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Thinking about the future in English with a lesson plan

In English we deal with the future by using nine helping verbs called modals:









and must.

Only will will ever happen; all the other modals are possibilities, the wouldas, couldas, and shouldas of the world. 

If you invite friends to a party and one friend says

“I can come,” or

“I could come,” or

“I would come,” or

“I should come,” or

“I might come,” or

“I may come,” or

“I must come,”

that friend probably is not coming.

If someone says to you, “I may come,” or “I might come,” they are being polite; they are not coming.

If someone says, “I shall come,” they are probably coming as surely as someone who says, “I will come.” But shall is not used very much nowadays except in a Yes/No Question where “Yes” is the expected answer: “Shall we go?” “Shall we dance?” “Shall we eat?”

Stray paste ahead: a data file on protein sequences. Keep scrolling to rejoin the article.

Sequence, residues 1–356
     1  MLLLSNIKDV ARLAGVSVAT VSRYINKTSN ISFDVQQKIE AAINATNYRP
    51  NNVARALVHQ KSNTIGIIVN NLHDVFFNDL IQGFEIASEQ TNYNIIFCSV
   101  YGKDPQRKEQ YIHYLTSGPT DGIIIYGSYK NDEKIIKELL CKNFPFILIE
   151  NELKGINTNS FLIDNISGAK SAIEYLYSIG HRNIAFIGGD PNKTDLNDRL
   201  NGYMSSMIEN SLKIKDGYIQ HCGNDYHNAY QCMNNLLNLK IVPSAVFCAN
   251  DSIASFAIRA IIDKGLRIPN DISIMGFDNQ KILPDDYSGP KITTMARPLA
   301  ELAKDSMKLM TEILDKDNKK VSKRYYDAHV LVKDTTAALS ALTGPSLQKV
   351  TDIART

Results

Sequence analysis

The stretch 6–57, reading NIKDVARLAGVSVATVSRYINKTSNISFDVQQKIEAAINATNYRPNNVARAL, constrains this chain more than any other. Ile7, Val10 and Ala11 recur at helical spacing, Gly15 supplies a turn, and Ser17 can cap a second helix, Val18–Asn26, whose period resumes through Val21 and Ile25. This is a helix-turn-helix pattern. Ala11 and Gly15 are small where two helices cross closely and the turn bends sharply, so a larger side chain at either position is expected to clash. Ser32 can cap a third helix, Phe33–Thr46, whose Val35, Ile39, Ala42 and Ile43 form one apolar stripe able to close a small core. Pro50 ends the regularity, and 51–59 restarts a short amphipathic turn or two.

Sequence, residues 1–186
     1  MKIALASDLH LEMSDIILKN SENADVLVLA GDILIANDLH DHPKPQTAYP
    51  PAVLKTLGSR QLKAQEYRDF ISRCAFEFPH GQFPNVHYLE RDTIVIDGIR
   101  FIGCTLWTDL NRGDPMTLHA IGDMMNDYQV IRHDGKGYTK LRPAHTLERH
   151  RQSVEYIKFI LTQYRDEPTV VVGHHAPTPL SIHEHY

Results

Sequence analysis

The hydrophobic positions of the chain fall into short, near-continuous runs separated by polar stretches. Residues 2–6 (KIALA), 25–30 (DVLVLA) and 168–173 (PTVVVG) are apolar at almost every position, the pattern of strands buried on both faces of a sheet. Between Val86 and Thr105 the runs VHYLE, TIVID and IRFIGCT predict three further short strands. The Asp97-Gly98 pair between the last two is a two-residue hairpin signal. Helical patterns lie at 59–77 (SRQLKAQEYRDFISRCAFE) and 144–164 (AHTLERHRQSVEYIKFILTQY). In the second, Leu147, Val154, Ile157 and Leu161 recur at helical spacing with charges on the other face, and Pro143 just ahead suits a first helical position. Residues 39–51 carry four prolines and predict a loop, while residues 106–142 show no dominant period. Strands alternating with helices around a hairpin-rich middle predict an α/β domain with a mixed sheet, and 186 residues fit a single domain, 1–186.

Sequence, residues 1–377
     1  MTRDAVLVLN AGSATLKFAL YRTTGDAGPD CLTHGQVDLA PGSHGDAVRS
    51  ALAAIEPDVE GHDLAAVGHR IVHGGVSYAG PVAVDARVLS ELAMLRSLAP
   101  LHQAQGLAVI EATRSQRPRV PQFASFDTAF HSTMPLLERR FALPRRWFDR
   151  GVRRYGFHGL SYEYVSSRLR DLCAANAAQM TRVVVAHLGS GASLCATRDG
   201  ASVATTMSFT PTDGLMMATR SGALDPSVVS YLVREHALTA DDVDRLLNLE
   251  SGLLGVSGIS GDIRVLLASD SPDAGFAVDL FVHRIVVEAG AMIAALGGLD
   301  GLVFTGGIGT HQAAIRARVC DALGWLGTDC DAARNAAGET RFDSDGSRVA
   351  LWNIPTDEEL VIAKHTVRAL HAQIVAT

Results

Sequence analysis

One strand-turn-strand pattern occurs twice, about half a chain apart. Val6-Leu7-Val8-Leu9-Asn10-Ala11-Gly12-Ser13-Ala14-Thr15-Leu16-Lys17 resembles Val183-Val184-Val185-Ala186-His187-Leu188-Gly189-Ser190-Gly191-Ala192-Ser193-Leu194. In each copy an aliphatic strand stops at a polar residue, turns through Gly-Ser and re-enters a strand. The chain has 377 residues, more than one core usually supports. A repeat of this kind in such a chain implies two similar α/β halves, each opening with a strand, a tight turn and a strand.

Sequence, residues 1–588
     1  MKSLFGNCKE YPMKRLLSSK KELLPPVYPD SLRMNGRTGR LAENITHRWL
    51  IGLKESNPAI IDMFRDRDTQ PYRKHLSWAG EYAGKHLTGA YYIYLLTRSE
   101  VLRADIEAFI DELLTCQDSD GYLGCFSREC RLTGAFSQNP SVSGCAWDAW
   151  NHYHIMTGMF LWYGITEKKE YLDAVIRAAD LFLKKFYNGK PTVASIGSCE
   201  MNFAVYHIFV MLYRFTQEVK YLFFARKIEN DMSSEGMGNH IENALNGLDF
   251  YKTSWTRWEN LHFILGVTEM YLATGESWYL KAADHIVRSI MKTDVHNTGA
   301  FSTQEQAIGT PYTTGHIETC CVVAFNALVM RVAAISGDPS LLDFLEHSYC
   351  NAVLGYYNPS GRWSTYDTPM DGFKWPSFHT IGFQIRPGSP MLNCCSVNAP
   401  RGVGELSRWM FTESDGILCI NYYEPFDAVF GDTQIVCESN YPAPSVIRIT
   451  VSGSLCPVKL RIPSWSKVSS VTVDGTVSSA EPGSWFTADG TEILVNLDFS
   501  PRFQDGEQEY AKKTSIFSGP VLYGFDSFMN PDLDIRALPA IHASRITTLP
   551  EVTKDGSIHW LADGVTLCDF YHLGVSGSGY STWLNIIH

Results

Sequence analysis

The friend who says “I will be there,” will be there.

Every main verb in English has three principal parts. For example, to walk has its base form, walk, and two participles, walking and walked:

……….walk, walking, walked

For the simple future, English will put will in front of the base form, walk. It doesn’t matter who or what the subject is: I, you, he, she, it, we, you, and they will walk.

In Spanish in the future to walk (caminar) changes with every subject:

(I) caminaré (will walk),

(you singular) caminarás (will walk),

(he, she it) caminará (will walk),

(we) caminaremos (will walk),

(you plural) caminaréis (will walk),

and (they) caminarán (will walk).

English in this regard is much simpler than any of the Romance languages.

What is the future?

Do we look forward to it with hope or with dread?

Is it our well made plans or a hurricane coming at us?

Are we ever there yet or are we always taking one more step into the next?


What follows is an ESL lesson plan for writing in the future using a poem by Bernadette Mayer called “Tomorrow.”

Bernadette Mayer’s Tomorrow: writing in the future

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